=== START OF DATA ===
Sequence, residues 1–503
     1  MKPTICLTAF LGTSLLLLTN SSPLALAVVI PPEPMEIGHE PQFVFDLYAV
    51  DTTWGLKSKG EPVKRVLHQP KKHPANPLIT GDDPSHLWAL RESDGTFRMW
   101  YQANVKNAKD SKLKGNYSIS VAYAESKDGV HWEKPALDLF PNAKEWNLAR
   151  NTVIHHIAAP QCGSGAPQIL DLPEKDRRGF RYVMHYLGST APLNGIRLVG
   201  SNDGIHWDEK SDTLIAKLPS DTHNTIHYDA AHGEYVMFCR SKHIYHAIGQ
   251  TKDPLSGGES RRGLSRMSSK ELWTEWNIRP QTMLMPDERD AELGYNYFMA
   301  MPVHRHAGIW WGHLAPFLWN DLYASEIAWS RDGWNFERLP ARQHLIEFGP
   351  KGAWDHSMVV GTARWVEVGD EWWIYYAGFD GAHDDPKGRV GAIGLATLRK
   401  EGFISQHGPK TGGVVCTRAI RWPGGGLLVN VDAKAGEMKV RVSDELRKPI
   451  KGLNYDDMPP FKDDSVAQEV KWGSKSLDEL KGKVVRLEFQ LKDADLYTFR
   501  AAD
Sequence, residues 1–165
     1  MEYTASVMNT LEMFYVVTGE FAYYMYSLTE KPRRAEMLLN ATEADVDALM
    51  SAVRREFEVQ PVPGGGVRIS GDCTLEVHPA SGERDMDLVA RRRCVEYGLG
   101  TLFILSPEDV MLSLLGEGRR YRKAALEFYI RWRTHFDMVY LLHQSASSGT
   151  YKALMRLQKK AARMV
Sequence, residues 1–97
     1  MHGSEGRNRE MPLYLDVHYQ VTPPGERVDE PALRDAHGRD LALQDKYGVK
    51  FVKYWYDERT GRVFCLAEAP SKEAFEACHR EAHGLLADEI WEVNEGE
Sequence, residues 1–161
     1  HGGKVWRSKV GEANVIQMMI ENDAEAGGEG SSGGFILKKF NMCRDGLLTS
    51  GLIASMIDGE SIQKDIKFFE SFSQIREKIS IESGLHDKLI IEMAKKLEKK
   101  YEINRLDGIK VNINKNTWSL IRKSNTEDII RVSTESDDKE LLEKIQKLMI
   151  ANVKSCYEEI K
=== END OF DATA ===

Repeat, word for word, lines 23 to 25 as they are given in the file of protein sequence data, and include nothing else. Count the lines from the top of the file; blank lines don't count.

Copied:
    51  GLIASMIDGE SIQKDIKFFE SFSQIREKIS IESGLHDKLI IEMAKKLEKK
   101  YEINRLDGIK VNINKNTWSL IRKSNTEDII RVSTESDDKE LLEKIQKLMI
   151  ANVKSCYEEI K